The utility-run MassSave energy efficiency program is one of the most visible and accessible ways for homeowners and businesses to tackle efficiency projects and could become an even more instrumental part of the state's efforts if the climate bill passes.
While climate concerns have grown in Massachusetts during recent years, Barrett said important entities like MassSave "somehow seemed somewhat unaware that they were potentially playing pivotal roles in offering a solution."
Rather than just detailing the ratepayer savings expected under each of its required three-year plans -- the plan approved in 2019 estimated it would provide about $8.5 billion in savings by using about $2.7 billion from ratepayers -- the bill would require the executive branch to set emissions reduction goals at the outset of each three-year plan and have the Department of Public Utilities assess whether those goals were met by the end of the three years.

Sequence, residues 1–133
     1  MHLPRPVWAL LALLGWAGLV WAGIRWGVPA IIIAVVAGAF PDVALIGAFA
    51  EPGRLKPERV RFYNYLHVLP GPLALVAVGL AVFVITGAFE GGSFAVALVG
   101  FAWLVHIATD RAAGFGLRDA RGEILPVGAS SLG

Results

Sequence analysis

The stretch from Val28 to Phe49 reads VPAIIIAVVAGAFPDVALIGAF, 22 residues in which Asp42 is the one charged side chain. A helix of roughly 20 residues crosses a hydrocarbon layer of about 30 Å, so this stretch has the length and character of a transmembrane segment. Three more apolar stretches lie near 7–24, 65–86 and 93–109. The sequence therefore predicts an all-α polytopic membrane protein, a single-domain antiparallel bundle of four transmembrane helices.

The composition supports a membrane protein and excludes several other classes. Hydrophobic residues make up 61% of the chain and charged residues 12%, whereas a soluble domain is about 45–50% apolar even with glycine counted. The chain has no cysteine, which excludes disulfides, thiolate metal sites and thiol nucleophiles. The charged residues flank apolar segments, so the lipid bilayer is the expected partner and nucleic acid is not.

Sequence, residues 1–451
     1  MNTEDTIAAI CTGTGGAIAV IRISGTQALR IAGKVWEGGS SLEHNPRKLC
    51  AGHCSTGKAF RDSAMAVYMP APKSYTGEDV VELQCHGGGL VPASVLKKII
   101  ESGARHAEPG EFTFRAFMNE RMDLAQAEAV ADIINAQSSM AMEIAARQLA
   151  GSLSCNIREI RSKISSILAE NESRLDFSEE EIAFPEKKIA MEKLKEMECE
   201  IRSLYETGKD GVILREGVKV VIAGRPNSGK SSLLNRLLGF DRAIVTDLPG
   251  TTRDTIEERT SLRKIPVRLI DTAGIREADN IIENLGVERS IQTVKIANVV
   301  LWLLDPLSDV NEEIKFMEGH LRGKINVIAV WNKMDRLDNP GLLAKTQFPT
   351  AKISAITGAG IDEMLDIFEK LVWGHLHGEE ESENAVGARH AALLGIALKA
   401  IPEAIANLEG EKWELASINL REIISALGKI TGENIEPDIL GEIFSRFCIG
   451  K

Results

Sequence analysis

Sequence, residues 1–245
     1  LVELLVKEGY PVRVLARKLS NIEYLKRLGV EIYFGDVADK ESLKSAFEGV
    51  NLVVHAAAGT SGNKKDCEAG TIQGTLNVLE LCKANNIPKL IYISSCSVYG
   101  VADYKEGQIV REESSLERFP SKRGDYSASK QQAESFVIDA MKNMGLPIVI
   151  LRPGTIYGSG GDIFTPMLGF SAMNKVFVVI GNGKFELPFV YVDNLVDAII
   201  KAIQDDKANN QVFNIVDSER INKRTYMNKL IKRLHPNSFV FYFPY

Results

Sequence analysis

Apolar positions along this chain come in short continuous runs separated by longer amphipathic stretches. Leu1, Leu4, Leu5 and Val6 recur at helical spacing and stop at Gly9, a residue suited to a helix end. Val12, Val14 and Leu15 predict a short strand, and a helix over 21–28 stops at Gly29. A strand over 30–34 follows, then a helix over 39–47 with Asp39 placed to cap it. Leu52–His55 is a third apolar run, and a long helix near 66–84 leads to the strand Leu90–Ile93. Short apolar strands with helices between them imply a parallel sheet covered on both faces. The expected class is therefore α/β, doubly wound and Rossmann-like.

"So the secretary sets an emissions reduction goal. That has to be reflected prominently in the three-year plan that's actually produced. At the end of the process, the DPU is going to come back and tell the public and the Legislature whether the secretary's three-year goal for MassSave was achieved or not," Barrett said. "The idea is to align all these efforts in a reasonably tight way to ensure that we get to where we know we need to go."
The senator also pointed out that the details of those three-year plans and exactly how they propose to reduce greenhouse gas emissions will be subject to public hearings and the influence of whoever is running the executive branch at the time, suggesting that costs could become clearer with each three-year plan. The plan for 2022, 2023 and 2024 is under development now and is expected to be filed with the DPU by Oct. 31.